Europe’s leaders cannot expect a free ride from the incoming Biden presidency. It’s time to prepare the ground on security, defense, and strategy if the changing transatlantic relationship is to remain relevant.
The era of European benevolence and benign neglect with Ankara is over; Turkey is now openly adversarial toward the entire European Union and NATO. It’s time for the EU to clarify its response.
Armenia and Azerbaijan are blaming each other for the latest surge of violence over Nagorny Karabakh. The consequences for the region are unpredictable, but much will depend on the intentions of Russia and Turkey.
After so many years of striving to build up its foreign policy credentials, the EU faces—over the Eastern Mediterranean—a real test of its ambitions and capabilities as an effective foreign policy actor.
Tensions are rising dangerously in the Eastern Mediterranean between Greece and Turkey, two members of NATO. But can the world’s most powerful military alliance do anything to de-escalate the crisis?
Turkey’s leadership is fueling a dangerous maritime dispute with Greece and Cyprus in the Eastern Mediterranean. The EU must pursue dialogue while resisting Ankara’s attempts to bully its way forward.
EU leaders must either decide to act jointly as the European Union or leave Libya’s future in the hands of Russia and Turkey—with dangerous consequences for NATO and for Europe’s security.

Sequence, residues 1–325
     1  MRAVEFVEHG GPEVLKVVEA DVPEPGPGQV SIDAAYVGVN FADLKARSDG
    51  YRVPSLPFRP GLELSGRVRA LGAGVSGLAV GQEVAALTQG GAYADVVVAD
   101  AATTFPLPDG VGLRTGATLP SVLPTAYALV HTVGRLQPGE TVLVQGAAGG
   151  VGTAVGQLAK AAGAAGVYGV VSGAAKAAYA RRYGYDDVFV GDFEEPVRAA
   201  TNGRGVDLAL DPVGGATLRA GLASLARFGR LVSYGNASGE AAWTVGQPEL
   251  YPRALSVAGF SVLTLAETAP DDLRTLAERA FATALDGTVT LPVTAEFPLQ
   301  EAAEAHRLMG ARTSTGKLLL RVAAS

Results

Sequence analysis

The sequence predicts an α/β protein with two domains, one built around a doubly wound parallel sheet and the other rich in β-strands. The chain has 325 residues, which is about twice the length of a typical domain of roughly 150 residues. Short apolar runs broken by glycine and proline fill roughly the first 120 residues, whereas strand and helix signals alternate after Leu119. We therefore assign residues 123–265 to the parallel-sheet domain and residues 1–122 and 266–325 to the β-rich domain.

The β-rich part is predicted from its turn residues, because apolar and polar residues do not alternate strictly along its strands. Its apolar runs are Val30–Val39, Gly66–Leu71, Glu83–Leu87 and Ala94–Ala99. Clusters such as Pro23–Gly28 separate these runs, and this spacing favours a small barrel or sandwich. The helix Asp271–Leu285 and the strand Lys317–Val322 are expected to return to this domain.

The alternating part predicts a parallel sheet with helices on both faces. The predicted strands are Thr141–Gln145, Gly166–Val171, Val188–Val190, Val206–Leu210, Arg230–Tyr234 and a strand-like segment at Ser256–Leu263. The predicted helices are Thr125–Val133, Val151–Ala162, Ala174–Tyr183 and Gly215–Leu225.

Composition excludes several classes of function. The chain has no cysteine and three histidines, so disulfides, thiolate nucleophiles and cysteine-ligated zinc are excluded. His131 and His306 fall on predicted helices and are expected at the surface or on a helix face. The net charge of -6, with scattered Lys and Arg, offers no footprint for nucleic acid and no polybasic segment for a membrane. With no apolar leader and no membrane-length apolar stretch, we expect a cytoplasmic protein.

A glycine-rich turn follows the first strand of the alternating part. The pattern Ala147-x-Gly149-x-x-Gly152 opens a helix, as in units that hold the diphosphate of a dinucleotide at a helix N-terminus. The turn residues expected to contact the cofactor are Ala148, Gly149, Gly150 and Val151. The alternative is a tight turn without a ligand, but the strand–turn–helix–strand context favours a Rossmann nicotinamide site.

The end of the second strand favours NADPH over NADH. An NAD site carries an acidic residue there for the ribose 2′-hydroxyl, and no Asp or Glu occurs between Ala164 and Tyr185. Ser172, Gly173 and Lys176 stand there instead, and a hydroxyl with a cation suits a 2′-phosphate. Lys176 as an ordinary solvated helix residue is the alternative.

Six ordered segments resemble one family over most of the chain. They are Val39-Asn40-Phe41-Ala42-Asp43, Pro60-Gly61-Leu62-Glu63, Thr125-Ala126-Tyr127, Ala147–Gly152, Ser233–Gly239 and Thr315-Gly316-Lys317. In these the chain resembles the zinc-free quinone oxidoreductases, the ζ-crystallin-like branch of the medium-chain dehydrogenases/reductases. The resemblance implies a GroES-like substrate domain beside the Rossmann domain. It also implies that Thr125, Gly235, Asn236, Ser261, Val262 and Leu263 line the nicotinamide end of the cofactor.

The way autocratic regimes make use of the coronavirus pandemic is disrupting democracy and governance worldwide. Turkey is no exception.
Greece’s borders are sealed off, Europe is becoming a fortress, and most EU countries are turning their backs on refugees; so much for Europe’s values and adherence to international law.
Instead of Europe becoming a serious foreign policy actor, Turkey and the war in Syria are weakening the credibility of both NATO and the EU—while the suffering continues in Idlib.
The acquittal of Osman Kavala followed by his absurd rearrest shows the abysmal state of rule of law and democracy in Turkey.
Canal Istanbul is a truly international and environmental issue, not just a dream-come-true story for Turkey’s leadership.
Turkey’s incursion into Syria has adverse consequences for Europe’s security. But the problem is much bigger than just Turkey. It is high time the EU reemerged on the Middle East scene and acted strategically.
After almost seventeen years in power, Turkey’s president wields absolute power. It’s doubtful he would relinquish it without a fight.
As Turkey continues to forge its own economic and political path, the issue is how much more damage the current system of governance will inflict on the country, and how long and costly fixing the destruction will be.
The Turkish leadership has not only turned its back on its proclaimed European ambitions. It has also launched itself into a different political, legal, and ethical orbit.
European leaders should do more to preserve the rule of law, which is both a domestic and a foreign policy matter—and the cornerstone of the EU’s outlook and goals.
Elections in three very different countries share a common desire to change the status quo.
The Turkish Stream pipeline will make Ankara more energy dependent on Moscow. It will also give Russia a bigger energy foothold in Europe.
President Erdogan is now projecting a foreign policy in which Turkey is described as being part of the solution to crises. In reality, it’s about winning foreign support to compensate for the mounting political and economic tensions at home.